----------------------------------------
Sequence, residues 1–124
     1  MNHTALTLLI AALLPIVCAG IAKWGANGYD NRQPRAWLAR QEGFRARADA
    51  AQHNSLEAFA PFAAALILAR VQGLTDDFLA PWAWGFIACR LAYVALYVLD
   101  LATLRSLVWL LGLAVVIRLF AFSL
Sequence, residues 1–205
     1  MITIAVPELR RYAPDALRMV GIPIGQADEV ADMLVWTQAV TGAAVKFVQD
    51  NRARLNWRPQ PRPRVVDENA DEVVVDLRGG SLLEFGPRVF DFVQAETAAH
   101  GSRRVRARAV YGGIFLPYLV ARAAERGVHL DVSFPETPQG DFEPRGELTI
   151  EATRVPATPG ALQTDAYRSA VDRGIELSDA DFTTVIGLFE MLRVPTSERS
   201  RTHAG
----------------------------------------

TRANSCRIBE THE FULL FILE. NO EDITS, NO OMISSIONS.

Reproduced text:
Sequence, residues 1–124
     1  MNHTALTLLI AALLPIVCAG IAKWGANGYD NRQPRAWLAR QEGFRARADA
    51  AQHNSLEAFA PFAAALILAR VQGLTDDFLA PWAWGFIACR LAYVALYVLD
   101  LATLRSLVWL LGLAVVIRLF AFSL
Sequence, residues 1–205
     1  MITIAVPELR RYAPDALRMV GIPIGQADEV ADMLVWTQAV TGAAVKFVQD
    51  NRARLNWRPQ PRPRVVDENA DEVVVDLRGG SLLEFGPRVF DFVQAETAAH
   101  GSRRVRARAV YGGIFLPYLV ARAAERGVHL DVSFPETPQG DFEPRGELTI
   151  EATRVPATPG ALQTDAYRSA VDRGIELSDA DFTTVIGLFE MLRVPTSERS
   201  RTHAG